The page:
Published: 9 August 2023
A high level of troponin – a protein normally used to exclude the possibility of a heart attack in patients with chest pain – may signal a heightened risk of death from any cause within the next few years, even in the absence of known or suspected cardiovascular disease, according to the research published in the journal Heart.
Findings by researchers at the University of Southampton, together with scientists from other organisations, suggest that troponin may have a more general role as an indicator of medium-term survival. High cardiac troponin levels are often seen in hospital patients who don’t have specific signs of a heart attack, but the clinical significance of this has never been clear.
To explore this further, the scientists tracked the survival of 20,000 hospital patients who had had a blood test for any reason between June and August 2017 at a large teaching hospital, regardless of the original clinical indication, and in whom a troponin test was measured, even if there was no suspicion of heart disease. Their average age was 61 and more than half (53 per cent) were women.
Further analysis accounting for age, sex, hospital location, and kidney function revealed that an abnormally high cardiac troponin level was independently associated with a 76 per cent heightened risk of death not only from both cardiovascular disease but also other causes. In fact, the most common cause of death was cancer, followed by cardiovascular disease.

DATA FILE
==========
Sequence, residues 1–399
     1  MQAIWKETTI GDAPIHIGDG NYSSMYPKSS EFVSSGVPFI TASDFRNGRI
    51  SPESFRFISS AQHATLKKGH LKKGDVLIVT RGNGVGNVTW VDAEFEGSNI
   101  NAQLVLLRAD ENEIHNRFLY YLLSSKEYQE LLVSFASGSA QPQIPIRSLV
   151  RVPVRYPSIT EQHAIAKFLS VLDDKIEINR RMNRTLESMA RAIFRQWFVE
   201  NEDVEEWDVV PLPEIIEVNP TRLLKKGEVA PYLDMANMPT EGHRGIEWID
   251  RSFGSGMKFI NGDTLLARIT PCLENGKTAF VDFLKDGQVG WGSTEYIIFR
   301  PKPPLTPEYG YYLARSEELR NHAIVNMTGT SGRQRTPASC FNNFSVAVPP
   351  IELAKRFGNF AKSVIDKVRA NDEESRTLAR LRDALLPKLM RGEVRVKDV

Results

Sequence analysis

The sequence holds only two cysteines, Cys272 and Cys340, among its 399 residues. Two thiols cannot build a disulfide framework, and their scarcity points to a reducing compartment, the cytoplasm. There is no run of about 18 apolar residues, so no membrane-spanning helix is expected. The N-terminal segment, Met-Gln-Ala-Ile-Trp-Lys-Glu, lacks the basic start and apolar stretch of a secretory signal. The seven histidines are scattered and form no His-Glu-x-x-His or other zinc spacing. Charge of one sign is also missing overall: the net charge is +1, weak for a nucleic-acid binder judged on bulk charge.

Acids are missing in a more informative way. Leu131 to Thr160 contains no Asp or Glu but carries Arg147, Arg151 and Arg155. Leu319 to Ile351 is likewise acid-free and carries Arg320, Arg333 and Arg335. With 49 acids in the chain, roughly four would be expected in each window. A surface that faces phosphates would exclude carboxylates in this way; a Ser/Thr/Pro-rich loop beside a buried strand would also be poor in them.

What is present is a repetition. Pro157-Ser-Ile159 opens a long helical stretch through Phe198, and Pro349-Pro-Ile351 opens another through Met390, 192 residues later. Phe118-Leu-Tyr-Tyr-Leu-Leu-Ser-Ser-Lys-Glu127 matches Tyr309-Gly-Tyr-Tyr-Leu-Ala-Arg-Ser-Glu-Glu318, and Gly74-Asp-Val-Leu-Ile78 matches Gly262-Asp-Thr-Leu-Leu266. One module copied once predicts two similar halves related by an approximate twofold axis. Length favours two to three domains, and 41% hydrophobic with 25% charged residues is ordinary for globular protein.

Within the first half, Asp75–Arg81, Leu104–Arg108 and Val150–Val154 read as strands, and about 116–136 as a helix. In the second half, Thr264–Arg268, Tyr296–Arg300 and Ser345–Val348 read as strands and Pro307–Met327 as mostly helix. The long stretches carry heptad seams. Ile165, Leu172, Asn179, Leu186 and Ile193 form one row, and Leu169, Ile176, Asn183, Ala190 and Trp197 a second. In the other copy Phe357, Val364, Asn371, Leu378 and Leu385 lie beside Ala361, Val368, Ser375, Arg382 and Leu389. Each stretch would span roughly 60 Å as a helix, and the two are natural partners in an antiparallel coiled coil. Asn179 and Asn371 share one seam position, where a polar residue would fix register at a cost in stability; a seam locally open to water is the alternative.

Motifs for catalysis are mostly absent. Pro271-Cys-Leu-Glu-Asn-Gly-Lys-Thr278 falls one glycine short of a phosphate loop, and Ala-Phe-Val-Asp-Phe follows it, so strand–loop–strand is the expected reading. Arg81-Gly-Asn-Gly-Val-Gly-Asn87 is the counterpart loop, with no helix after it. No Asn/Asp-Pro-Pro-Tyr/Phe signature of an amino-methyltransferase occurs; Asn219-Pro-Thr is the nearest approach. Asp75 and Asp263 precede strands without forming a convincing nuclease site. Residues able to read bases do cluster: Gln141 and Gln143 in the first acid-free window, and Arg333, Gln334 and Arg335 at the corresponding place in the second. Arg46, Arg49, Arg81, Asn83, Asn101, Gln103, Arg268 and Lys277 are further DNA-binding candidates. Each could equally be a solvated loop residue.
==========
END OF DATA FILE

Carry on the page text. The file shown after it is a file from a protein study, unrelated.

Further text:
After excluding deaths that occurred within 30 days, a parameter used to define the likelihood that this was associated with the reason for their inpatient stay, the link between cardiac troponin and heightened risk of death persisted. This indicates that this association was not driven purely by a short-term risk of death, highlight the researchers.
Professor of Interventional Cardiology, Nick Curzen, from the University of Southampton, said: “This study suggests the troponin blood test, as distinct from its current role as a test for acute heart attack, may be useful in a much more general way as a snapshot indicator of medium-term mortality in all patients, regardless of whether they are known, or suspected, to have a heart problem.
“The especially fascinating finding is that the troponin snapshot was not just associated with death from cardiovascular causes, but also from cancer and other non-cardiovascular conditions.”
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